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Daybreakers

Daybreakers

Review by Jack Foley

IndieLondon Rating: 3 out of 5

AT A time when the vampire genre is in danger of being sucked dry of worthwhile ideas in the wake of the success of Twilight and True Blood, it’s encouraging to find that Daybreakers still has something fresh to bring to the mix.

Part sci-fi, part film noir and part straight-forward vampire yarn, Peter and Michael Spierig’s movie benefits from some clever ideas and some stylish execution, even though it has its flaws.

Set in the not-too-distant future, Daybreakers exists at a time when the world has been swept by a virus that has turned the majority of its population into bloodsuckers.

But with hardly any humans left and the blood banks running low, starving vampires begin to turn feral and threaten to turn on the corporations that have been farming humans for their supply.

Entering into this mix is Edward (Ethan Hawke), a scientist working on a blood substitute, who stumbles upon a small band of human survivors (led by Isabel Lucas and Willem Dafoe) who may have found a cure.

Given the implications for both sides, however, perfecting and selling the cure poses dangers for both sides.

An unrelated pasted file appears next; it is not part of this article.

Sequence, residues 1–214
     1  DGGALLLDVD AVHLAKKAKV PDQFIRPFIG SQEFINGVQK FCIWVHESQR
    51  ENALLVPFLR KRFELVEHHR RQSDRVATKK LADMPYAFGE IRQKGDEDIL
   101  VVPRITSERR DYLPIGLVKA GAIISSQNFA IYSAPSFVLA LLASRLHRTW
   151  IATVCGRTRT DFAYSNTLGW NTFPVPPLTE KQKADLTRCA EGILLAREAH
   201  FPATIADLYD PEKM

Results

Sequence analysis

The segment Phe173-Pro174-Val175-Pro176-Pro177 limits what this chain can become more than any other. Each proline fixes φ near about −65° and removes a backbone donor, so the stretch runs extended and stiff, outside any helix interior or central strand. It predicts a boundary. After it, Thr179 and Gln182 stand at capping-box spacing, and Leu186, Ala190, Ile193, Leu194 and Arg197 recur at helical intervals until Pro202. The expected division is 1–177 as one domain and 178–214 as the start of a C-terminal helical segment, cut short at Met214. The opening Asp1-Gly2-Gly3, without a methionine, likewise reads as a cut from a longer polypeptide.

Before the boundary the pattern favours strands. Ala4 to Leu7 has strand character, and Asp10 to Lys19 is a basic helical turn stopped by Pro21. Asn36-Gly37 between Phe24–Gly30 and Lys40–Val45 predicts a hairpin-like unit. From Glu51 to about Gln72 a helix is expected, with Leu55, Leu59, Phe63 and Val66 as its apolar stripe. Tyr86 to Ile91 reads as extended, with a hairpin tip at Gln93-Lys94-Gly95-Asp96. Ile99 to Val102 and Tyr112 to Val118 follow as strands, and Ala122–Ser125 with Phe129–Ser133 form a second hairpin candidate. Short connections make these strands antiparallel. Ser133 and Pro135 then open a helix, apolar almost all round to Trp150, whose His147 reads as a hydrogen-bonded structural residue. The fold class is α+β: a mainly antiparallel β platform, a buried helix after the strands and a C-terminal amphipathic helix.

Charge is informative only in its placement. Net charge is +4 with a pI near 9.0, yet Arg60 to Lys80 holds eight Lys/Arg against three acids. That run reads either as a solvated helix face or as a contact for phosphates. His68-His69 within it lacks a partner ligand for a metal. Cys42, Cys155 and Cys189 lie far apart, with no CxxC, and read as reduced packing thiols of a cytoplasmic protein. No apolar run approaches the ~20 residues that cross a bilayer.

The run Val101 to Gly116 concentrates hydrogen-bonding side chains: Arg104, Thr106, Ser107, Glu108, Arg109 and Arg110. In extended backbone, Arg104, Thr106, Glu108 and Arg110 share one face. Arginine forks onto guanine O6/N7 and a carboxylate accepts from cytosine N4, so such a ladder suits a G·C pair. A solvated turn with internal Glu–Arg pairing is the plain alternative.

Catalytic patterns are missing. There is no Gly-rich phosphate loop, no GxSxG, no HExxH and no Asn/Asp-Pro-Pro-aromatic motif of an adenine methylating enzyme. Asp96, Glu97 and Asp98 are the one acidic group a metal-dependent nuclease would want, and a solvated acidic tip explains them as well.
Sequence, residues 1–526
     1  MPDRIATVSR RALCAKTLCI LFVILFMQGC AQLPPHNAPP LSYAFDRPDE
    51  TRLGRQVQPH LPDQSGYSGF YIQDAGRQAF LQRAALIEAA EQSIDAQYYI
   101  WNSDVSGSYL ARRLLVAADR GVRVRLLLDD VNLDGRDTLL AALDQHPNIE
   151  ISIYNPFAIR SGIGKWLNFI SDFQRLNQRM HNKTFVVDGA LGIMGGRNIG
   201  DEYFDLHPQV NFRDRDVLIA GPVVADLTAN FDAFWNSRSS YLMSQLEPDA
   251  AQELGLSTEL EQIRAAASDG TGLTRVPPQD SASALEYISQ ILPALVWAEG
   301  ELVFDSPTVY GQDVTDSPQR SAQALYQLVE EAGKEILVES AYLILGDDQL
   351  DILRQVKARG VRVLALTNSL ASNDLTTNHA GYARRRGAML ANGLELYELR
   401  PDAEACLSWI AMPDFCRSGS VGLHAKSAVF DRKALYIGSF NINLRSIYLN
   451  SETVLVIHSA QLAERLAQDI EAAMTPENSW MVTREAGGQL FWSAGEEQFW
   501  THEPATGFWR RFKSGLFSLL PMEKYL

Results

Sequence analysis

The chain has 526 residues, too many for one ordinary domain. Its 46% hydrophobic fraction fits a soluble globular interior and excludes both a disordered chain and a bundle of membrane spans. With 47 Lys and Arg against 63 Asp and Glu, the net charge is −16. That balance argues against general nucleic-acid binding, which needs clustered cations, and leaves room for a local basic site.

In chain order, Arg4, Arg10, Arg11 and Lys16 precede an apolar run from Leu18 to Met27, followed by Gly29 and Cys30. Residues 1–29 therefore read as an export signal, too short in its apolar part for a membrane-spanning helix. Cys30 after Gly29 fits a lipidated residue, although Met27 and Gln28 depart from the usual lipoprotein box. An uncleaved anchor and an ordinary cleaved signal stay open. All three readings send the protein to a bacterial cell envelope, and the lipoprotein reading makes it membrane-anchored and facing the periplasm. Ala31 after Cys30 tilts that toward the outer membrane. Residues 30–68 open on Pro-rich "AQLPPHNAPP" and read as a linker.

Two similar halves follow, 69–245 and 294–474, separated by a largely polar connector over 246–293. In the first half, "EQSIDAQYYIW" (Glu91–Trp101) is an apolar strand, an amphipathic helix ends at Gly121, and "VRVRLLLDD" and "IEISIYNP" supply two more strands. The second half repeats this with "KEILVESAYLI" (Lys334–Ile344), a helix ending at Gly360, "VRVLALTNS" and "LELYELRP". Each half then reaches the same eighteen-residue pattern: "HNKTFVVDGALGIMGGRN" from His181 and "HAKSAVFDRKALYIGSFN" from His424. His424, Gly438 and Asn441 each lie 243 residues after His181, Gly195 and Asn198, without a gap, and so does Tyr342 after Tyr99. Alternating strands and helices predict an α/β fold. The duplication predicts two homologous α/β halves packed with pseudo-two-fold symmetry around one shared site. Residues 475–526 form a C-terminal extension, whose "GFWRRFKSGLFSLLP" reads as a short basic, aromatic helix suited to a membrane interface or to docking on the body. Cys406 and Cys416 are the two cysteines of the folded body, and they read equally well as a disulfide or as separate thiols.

In design and conception, Daybreakers offers a fascinating genre entry that gets by on the wealth of ideas that permeate throughout.

The Spierig’s cleverly reference everything from The Matrix to Blade Runner and Gattaca in terms of futuristic ideas, while lending the look of the film a distinctly noirish period feel.

They don’t toy with the vampire formula too much, either, turning in some effective jumps and some nasty blood-letting (especially involving the rapidly evolving vampire under-class) en route to its intriguing conclusion.

Performance-wise, too, the film benefits from a starry cast that includes Hawke, Dafoe and Sam Neill on form.

Where it falters slightly is in the payoff as the ending feels rushed and a little too focused on possible sequels.

If anything, the tight running time feels too slight for the number of ideas involved, meaning that some aren’t fully realised or remain unexplained.

For those seeking a quick fix of adult horror mixed with sci-fi elements, however, Daybreakers isn’t without its rewards and exists as an interesting alternative in what’s becoming a rapidly over-crowded genre.

Certificate: 15
Running time: 97mins
UK DVD & Blu-ray Release: May 31, 2009